Tag Archives: chicken

The name’s Peck. Gregory Peck.

The other day we lost Chicken 22 to old age. She was clucked out, but had a fun and free life after we rescued her from battery farm hell. A lovely lady and one of the oldest we had.

At the same time 22 reached her final days, a friend of a friend told Chris that she was moving¬† house and needed someone to take on her hens. Yes, it writes itself… The hen numbers are back to where they were a few months back. Lovely pets, and these two new girls are stunners!

Sally & Mabel

Avid readers of this blog (ha!) will probably have realised by now that we are animal mad…

It just got madder.

Chris picked up a new family member at the stables the other day. An injured bird had been hanging around for a few days, so with our birdy experience, Chris decided to nurse it back to health.

Gregory Peck joined the madhouse.

Now we know chickens are clever, but this guy is worlds apart. You can see him think… he looks at one thing, then moves on, then back to the other thing…. and you see the thought process… He’s not the largest crow I’ve seen, but he’s still a big lad.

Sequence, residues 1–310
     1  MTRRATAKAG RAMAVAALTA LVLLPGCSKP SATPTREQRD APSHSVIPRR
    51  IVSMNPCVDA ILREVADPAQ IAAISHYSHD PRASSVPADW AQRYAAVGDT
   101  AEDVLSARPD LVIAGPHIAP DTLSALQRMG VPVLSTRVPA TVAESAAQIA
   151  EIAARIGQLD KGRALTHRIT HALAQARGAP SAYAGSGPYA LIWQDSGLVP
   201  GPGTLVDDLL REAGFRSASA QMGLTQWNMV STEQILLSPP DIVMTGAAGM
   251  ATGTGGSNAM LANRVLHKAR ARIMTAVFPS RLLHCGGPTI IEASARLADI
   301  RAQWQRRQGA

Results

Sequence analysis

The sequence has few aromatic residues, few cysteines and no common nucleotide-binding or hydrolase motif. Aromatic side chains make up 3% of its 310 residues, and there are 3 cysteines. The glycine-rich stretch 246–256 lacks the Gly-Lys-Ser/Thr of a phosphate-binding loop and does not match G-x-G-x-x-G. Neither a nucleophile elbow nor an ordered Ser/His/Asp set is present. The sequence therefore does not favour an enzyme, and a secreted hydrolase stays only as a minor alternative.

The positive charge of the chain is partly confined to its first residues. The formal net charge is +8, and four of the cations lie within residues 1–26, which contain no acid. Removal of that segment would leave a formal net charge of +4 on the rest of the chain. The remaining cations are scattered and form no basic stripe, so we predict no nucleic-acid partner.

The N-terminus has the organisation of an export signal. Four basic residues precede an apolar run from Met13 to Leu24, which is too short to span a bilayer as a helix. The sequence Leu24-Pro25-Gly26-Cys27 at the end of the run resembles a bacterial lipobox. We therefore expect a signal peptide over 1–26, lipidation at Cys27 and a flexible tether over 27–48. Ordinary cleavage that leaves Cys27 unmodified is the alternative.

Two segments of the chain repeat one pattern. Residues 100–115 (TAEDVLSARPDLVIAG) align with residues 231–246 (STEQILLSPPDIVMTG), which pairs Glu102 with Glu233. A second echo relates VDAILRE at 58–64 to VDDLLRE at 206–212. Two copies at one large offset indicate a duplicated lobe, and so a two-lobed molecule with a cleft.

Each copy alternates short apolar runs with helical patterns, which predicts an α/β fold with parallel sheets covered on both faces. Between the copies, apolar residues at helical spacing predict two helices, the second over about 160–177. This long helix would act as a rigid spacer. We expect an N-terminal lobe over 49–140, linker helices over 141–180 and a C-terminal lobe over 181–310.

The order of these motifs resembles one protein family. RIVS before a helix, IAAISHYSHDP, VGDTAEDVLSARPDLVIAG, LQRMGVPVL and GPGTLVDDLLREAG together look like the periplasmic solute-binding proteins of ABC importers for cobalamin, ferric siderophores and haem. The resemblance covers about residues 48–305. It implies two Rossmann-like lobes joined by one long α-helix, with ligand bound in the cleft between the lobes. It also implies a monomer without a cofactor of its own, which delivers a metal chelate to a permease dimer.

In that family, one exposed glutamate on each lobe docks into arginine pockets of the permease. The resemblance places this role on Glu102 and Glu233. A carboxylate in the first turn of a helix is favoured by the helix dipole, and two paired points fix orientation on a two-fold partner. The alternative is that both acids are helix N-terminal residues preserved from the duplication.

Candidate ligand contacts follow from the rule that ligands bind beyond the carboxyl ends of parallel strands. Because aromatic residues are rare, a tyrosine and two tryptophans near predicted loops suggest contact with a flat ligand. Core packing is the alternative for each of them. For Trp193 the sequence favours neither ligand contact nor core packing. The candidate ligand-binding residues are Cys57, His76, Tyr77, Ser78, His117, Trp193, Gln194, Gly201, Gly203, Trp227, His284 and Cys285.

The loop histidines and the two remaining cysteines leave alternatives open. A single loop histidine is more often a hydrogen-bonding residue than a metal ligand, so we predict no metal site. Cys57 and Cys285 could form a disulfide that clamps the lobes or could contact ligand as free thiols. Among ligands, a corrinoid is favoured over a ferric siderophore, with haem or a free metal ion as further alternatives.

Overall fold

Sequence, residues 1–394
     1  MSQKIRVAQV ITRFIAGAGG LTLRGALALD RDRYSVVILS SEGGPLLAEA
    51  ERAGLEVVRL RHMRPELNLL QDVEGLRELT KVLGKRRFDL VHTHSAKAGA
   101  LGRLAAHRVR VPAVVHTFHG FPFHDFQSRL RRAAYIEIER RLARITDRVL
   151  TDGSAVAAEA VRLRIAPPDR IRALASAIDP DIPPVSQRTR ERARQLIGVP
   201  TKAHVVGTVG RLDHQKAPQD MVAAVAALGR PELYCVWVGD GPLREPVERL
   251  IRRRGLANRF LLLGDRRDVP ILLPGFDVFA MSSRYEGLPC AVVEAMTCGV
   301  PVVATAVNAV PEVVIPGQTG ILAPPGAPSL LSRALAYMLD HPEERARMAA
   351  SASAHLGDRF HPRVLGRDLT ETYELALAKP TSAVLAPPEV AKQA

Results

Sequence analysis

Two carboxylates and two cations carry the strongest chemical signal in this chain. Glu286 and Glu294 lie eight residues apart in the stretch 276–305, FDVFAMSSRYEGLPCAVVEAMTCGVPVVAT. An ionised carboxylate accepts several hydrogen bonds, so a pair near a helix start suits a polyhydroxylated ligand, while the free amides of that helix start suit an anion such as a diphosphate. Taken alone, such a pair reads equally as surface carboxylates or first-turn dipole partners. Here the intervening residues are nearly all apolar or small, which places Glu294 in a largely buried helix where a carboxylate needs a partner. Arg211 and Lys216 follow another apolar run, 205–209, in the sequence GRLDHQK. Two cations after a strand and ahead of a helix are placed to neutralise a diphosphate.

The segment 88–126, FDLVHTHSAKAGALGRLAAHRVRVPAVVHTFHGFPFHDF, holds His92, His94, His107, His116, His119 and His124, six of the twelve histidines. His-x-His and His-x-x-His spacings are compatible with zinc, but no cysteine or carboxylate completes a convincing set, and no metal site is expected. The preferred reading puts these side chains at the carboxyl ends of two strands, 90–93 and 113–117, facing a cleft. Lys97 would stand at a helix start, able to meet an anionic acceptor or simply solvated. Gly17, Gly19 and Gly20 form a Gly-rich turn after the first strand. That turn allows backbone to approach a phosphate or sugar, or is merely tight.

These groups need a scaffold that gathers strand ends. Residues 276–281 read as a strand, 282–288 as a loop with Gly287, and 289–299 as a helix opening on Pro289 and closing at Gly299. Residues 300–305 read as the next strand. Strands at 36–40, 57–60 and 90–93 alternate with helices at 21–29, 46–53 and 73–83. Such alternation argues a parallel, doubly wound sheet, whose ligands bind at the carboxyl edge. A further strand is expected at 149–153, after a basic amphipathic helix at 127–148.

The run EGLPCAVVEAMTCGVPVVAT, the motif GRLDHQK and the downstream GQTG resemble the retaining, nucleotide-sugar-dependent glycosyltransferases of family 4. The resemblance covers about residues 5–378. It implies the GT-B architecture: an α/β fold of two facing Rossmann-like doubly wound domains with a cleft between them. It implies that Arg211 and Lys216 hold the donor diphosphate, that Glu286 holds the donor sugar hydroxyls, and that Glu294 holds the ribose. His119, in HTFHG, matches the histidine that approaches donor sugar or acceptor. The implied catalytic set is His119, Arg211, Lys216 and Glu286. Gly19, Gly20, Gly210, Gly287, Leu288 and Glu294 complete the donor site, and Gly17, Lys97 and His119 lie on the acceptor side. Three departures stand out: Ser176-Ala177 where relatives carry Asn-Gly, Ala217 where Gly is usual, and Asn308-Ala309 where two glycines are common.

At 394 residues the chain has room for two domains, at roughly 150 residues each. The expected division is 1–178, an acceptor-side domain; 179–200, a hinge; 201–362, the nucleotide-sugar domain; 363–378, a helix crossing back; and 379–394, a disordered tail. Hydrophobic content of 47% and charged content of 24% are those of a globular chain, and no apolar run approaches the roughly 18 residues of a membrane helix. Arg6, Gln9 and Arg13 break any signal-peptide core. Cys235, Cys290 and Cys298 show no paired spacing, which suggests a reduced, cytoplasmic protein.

He’s been in a fight. Maybe another bird, birds, fox… car? and he has an old scar across his back under his feathers and his head is half bald. This scar may be pulling his skin when he tries to fly, as he doesn’t seem comfortable getting airborne, even though his wings are fine.

He has a mild chest infection, and is a bit bug infested, so he is going through some bird nutrients and a bathing ritual to clean him up. He already looks a lot better.

Corvids are among the most intelligent, if not the most intelligent, of birds. Peck has shown this by completely accepting us as friends. Day one and he was very wary and pecky to us. Day two, after food, bath, blow dry and mite powdering he is easy to handle and no fuss at all. It is said that crows have very good memories and facial recognition, so if you cross one or mistreat it, it won’t forget. From a shy, scared and pecky wreck, he now sits on my shoulder with out a care.

More photos HERE.

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Here Come the Girls

The girls have settled in well now. Bunty has made sure that the others all know that she is still queen bitch, but the others really only pay her lip service… Sorry, beak service…